This needlepoint belongs to a friend of mine. The same framed textile hung in my Opa & Oma's dining room. My Oma stitched it from a kit and it's one of those evocative objects. When I see it, it brings me back to visits with my grandparents where Opa and I played chinese checkers on a board that he made himself and where Oma would make delicious Mennonite foods like zwieback and rollkuchenA cousin has the needlepoint, but I have Oma's wooden cooling rack that Opa probably made himself. 

Tuesday, January 18, 2011

Inspiration Wall

Inspiration Wall  Image: © Karen Thiessen 2011
Inspiration Wall  Image: © Karen Thiessen 2011
An essential studio tool is my inspiration wall where I tack up found images and objects, plus a few samples and experiments. When I moved into my studio I installed 4'X8' homasote panels on three of the four walls and then painted them off-white, the same colour as the walls. My exercise bike faces one of my homasote walls and I look as I ride. My mind makes connections between the various objects and images and new ideas are born. Riding my exercise bike is the equivalent to soaking in the tub when it comes to relaxing the mind so that eureka moments seep in.

Monday, January 17, 2011

Shayne Dark: Into the Blue

Shayne Dark Into the Blue
Shayne Dark Into the Blue detail
Here's some mid-January eye candy. A few years ago, I stumbled across Shayne Dark's Into the Blue in front of the Edward Day Gallery on Toronto's Queen Street West. The wonders of Yves Klein Blue aka International Klein Blue on Ironwood. Now, if only I could have one of these in my snowy neighbourhood right now-- just looking at it makes me happy!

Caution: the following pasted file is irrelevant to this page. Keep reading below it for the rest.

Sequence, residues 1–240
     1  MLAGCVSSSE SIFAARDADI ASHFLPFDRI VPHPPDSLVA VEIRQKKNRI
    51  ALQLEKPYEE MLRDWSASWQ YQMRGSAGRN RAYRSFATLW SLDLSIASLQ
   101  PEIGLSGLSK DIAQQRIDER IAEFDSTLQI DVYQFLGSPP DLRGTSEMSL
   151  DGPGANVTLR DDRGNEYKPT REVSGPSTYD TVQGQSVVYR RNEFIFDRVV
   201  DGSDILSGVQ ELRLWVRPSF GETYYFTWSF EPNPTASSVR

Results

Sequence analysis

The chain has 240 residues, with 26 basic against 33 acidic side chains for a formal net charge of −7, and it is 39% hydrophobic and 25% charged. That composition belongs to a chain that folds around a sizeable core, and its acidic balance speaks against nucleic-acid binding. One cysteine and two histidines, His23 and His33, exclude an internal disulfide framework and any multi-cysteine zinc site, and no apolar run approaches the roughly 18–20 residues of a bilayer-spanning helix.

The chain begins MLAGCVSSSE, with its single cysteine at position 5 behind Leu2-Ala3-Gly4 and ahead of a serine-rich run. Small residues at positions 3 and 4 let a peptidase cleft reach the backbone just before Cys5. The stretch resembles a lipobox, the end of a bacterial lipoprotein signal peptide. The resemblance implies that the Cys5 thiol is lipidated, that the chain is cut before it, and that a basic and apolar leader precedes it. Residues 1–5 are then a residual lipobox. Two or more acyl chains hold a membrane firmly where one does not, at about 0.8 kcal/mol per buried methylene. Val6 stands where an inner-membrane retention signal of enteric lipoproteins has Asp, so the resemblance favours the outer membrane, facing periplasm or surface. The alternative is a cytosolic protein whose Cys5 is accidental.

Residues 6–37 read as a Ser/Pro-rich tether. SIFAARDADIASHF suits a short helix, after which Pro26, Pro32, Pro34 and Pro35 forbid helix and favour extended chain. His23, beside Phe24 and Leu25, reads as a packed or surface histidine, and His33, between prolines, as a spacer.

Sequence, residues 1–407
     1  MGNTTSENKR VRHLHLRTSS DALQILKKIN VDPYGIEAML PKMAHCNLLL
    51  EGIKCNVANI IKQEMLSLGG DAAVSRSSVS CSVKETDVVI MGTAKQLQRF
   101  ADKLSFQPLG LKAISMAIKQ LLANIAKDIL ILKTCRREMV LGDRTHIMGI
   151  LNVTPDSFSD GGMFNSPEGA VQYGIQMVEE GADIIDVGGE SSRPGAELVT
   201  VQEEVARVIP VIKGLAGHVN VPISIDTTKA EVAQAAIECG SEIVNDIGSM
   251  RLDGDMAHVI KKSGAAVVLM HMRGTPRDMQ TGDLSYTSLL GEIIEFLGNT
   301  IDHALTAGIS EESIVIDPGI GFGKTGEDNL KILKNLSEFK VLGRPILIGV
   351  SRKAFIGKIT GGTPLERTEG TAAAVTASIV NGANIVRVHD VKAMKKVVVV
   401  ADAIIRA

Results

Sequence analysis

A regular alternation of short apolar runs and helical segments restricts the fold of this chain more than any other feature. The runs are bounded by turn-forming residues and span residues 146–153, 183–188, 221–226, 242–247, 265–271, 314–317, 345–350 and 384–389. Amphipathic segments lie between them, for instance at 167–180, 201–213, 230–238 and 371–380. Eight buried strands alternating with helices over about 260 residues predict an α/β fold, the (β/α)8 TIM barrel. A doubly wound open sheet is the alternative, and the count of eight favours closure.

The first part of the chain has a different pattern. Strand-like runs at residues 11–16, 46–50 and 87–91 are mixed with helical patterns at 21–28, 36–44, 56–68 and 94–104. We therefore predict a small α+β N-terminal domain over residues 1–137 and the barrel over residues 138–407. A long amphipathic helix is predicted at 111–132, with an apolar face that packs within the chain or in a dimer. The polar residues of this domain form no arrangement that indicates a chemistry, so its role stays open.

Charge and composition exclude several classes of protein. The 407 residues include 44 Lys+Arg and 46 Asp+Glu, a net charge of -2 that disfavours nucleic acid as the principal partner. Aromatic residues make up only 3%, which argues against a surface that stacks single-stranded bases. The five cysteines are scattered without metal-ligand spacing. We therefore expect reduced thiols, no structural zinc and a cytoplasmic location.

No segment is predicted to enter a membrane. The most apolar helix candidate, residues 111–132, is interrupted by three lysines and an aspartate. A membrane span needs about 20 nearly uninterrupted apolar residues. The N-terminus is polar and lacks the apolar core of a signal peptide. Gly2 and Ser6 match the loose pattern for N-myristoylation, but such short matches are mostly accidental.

Friday, January 14, 2011

Oooo


Oooo, Stitched digitally printed textile, © Karen Thiessen 2010
Trained as a textile artist, I now work in collage and textiles, sometimes together, sometimes separately. Oooo began as a paper collage in my sketchbook. I scanned it, cleaned it up in Photoshop, and digitally printed it onto a special fabric, that I then hand-stitched. This piece is for the Textile Museum of Canada's Shadow Box Event 2011. This is the ninth shadow box that I've contributed and Oooo rates in my favourite top three. Check out the TMC website to view the rest of the shadow boxes.

Thursday, January 13, 2011

John Cage: Rules for Students and Teachers

Rule 1: Find a place you trust, and then try trusting it for a while.
Rule 2: General Duties of a Student: Pull everything out of your teacher. Pull everything out of your fellow students.
Rule 3: General Duty of a Teacher: Pull everything out of your students.
Rule 4: Consider everything an experiment.
Rule 5: Be self-disciplined. This means finding someone wise or smart and choosing to follow them. To be disciplined is to follow in a good way. To be self-disciplined is to follow in a better way.
Rule 6: Follow the leader. Nothing is a mistake. There is no win and no fail. There is only make.
Rule 7: The only rule is work. If you work it will lead to something. It is the people who do all of the work all of the time who eventually catch on to things. You can fool the fans-- but not the players.
Rule 8: Do not try to create and analyze at the same time. They are different processes.
Rule 9: Be happy whenever you can manage it. Enjoy yourself. It is lighter than you think.
Rule 10: We are breaking all the rules, even our own rules. And how do we do that? By leaving plenty of room for 'x' quantities.